Now that we have proper footwear covered, let’s quickly go over a few clothing essentials for winter hiking. The most important thing is layering. I’ve found the best combination for lower body to be leggings or merino base layers under a pair of soft shell pants. For upper body I’d recommend wearing a long sleeve dry-fit/merino top layered with a puffer jacket and waterproof jacket. The following are the clothes I always wear for winter hiking:
Softshell pants are durable and warm. They’re like a thin and more mobile version of snow pants. I have these ones (men’s version) and I’ve been using them for years for winter hiking, skating, and doing errands in the cold months.
A water proof jacket in my opinion is the most important layer when it comes to hiking. A waterproof jacket traps your body heat and it protects you from wind and rain/snow. I use this one (men’s version) which is lightweight, compact, and its easy to pack as an extra layer because it folds into it’s own pocket!
Additionally you’ll also want to pack a toque and warm mittens. I have these mitts (men’s version) which have become my favourite mitts for skiing, backcountry camping, and winter hiking. They’ve got tons of fun features and they come with glove liners which keep your hands extra warm.
Explore my extensive gear guide for day-hiking
Read my guide for exactly what to wear hiking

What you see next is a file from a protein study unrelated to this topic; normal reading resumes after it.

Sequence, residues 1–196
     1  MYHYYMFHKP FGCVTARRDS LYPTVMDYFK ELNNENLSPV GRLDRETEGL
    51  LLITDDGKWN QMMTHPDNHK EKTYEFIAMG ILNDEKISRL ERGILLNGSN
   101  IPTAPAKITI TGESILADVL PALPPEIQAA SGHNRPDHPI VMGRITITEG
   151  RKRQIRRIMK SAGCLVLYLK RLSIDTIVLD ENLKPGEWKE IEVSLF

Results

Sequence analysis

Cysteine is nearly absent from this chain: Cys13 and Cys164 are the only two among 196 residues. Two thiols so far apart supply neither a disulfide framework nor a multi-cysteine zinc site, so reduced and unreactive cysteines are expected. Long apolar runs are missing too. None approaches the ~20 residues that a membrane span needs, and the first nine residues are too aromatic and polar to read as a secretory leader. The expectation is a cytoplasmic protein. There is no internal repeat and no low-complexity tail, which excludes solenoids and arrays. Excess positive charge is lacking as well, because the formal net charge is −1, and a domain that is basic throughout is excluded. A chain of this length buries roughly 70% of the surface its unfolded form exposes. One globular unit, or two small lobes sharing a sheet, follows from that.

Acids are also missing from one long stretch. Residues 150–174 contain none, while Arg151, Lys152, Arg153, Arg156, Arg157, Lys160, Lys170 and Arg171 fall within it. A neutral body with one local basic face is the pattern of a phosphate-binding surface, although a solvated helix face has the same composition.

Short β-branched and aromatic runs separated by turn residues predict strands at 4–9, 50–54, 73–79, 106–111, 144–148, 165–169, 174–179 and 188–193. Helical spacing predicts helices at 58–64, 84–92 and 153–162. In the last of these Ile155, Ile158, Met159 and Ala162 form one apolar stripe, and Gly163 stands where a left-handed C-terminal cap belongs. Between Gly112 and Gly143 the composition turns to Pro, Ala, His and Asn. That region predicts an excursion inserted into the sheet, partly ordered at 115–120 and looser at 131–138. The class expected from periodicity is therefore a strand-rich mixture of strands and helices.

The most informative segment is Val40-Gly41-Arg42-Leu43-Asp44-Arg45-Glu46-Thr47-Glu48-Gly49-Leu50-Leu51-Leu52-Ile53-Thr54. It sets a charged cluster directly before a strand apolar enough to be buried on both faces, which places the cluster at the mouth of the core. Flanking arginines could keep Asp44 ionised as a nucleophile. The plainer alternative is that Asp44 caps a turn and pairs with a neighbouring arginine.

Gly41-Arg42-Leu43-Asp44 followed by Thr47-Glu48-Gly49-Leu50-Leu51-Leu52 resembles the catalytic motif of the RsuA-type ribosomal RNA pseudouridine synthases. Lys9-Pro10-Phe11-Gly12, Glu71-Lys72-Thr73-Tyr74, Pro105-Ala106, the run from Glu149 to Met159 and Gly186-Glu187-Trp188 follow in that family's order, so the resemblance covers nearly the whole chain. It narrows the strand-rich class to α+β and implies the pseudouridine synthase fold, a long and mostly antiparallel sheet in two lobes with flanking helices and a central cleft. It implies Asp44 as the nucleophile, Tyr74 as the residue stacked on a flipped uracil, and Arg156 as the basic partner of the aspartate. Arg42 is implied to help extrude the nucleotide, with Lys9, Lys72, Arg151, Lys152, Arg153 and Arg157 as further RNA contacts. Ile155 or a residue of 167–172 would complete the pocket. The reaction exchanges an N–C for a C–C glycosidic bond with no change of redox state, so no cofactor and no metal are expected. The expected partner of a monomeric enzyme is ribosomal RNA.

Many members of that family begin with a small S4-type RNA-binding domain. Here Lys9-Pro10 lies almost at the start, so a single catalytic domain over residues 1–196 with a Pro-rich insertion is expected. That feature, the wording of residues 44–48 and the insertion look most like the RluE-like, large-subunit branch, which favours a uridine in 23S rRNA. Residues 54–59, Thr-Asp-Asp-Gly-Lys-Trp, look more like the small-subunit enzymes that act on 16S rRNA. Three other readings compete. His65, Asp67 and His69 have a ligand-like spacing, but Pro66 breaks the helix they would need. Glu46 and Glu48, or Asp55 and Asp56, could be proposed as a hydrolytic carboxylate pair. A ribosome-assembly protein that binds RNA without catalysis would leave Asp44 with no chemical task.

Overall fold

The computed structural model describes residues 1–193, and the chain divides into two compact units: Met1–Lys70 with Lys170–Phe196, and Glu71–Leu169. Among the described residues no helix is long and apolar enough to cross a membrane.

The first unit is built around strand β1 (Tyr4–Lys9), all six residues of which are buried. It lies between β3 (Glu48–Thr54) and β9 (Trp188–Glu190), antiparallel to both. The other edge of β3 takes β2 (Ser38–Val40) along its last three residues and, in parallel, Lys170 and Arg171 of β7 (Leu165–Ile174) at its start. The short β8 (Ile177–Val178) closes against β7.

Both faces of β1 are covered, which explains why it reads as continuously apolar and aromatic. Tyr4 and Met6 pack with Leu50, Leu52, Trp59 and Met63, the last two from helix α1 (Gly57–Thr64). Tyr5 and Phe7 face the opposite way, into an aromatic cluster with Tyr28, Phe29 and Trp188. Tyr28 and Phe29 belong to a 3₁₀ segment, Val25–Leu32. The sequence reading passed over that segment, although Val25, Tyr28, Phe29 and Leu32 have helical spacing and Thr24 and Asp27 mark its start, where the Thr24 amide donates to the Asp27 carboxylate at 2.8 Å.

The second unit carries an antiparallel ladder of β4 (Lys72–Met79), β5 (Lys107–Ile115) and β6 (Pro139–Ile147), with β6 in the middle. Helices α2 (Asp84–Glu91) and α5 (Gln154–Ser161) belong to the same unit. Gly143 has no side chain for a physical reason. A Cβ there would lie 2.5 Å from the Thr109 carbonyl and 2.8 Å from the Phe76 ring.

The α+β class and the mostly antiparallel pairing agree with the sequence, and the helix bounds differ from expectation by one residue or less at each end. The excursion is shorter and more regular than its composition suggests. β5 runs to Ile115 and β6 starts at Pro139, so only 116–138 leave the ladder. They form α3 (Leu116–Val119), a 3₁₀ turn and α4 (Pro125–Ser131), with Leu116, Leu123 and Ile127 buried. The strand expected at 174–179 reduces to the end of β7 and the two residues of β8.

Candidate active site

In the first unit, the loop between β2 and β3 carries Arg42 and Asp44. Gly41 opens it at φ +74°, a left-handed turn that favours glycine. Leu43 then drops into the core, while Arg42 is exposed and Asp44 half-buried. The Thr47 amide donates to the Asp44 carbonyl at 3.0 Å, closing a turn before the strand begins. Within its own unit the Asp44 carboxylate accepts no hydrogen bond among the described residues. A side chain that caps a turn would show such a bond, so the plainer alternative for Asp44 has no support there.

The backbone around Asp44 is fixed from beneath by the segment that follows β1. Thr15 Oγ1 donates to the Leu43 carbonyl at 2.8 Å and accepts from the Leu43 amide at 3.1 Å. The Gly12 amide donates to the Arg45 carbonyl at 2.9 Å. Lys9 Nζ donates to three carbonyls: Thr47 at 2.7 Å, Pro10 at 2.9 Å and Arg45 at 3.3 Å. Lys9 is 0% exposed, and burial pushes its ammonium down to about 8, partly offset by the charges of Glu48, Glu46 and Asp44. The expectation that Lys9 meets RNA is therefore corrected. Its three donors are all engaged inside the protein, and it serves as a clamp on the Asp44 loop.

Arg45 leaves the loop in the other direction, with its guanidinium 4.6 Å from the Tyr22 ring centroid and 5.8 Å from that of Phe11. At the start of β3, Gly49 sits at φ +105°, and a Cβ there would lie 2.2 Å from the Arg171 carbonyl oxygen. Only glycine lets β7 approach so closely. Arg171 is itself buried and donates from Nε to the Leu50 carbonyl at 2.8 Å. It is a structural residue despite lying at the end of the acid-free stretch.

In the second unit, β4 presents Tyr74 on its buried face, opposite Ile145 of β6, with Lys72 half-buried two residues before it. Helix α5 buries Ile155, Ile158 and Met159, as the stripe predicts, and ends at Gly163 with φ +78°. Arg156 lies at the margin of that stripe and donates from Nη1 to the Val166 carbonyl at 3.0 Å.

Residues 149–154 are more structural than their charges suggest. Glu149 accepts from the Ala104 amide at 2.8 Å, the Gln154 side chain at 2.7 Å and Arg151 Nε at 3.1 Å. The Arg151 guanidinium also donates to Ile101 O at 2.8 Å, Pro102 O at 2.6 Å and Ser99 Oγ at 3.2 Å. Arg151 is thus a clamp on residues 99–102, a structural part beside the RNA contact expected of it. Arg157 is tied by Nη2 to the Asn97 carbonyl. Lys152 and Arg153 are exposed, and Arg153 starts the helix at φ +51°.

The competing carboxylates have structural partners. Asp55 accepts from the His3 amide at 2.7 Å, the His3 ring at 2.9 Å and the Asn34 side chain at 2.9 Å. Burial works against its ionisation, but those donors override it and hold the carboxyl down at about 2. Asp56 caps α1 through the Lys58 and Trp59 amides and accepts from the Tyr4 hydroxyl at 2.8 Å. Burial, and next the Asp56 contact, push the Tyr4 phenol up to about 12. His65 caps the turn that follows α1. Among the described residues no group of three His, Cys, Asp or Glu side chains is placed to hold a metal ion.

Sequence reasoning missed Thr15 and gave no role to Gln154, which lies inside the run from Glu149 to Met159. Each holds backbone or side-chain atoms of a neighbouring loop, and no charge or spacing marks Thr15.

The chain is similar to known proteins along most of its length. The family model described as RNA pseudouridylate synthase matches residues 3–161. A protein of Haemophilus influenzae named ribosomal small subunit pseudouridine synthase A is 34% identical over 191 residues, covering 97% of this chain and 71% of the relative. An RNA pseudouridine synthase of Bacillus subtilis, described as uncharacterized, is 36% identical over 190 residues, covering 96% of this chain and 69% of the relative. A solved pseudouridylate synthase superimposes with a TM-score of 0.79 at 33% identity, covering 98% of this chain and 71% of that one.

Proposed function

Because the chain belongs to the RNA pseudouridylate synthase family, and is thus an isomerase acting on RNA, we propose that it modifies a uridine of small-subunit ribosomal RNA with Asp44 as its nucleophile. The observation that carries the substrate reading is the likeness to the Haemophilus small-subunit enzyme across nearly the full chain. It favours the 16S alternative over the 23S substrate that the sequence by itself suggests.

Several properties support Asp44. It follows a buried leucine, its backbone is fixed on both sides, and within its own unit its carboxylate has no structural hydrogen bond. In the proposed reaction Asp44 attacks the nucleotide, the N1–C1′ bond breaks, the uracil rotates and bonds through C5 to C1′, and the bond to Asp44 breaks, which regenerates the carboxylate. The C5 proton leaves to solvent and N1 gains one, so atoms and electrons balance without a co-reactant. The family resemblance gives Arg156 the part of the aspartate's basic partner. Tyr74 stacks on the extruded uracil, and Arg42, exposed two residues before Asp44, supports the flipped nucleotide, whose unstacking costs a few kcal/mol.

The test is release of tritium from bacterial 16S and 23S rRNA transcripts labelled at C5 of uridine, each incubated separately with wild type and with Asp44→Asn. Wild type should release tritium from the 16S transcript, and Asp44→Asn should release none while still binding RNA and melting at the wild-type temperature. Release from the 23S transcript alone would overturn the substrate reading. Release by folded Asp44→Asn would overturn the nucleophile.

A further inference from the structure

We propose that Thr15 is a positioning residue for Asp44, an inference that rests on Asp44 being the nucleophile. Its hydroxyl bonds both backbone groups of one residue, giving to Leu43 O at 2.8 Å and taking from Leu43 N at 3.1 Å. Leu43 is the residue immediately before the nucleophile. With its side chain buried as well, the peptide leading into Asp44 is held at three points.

Find all my hiking trail guides
Best Place to Stay in Canmore
The “best” place to stay in Canmore depends on your price range. So, here are some suggestions for every budget:
- Cheap accommodations – if you’re visiting the Rockies, you can bet the cheapest option for accommodations in alwayssss camping. Here are a few popular camping spots in Canmore.
- Mid-range accommodations – Canmore offers a slew of hotels, each coming in at a different price and each offering something a little different. I’d recommend utilizing Booking.com to compare said prices and amenities to determine which hotel best suits your needs. Some of the benefits of using Booking.com are their price match guarantee, free cancelation on almost all bookings, and clear pricing with no hidden fees.
- Luxury accommodations – for the bougie traveller (can’t relate), a couple “quote on quote” fancy hotels in Canmore are the Peak by Samsara Resort and the Stoneridge Mountain Resort.
- Accommodations nearby – another location offering accommodations close to Canmore is the famous Banff National Park. There are tons of hotels in Banff, the most notable being the castle in the sky (AKA the Fairmont Banff Springs).
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About The Author
HI, I’m Taylor – the voice behind The Holistic Backpacker.
After moving to Banff National Park in 2020 I became an outdoor adventure enthusiast and vowed to never stop exploring.
I now spend my days travelling the world, climbing mountains, and spending nights under the stars in the Canadian Rockies backcountry.
I created The Holistic Backpacker so I could share my adventures and help connect people like you with the same amazing experiences.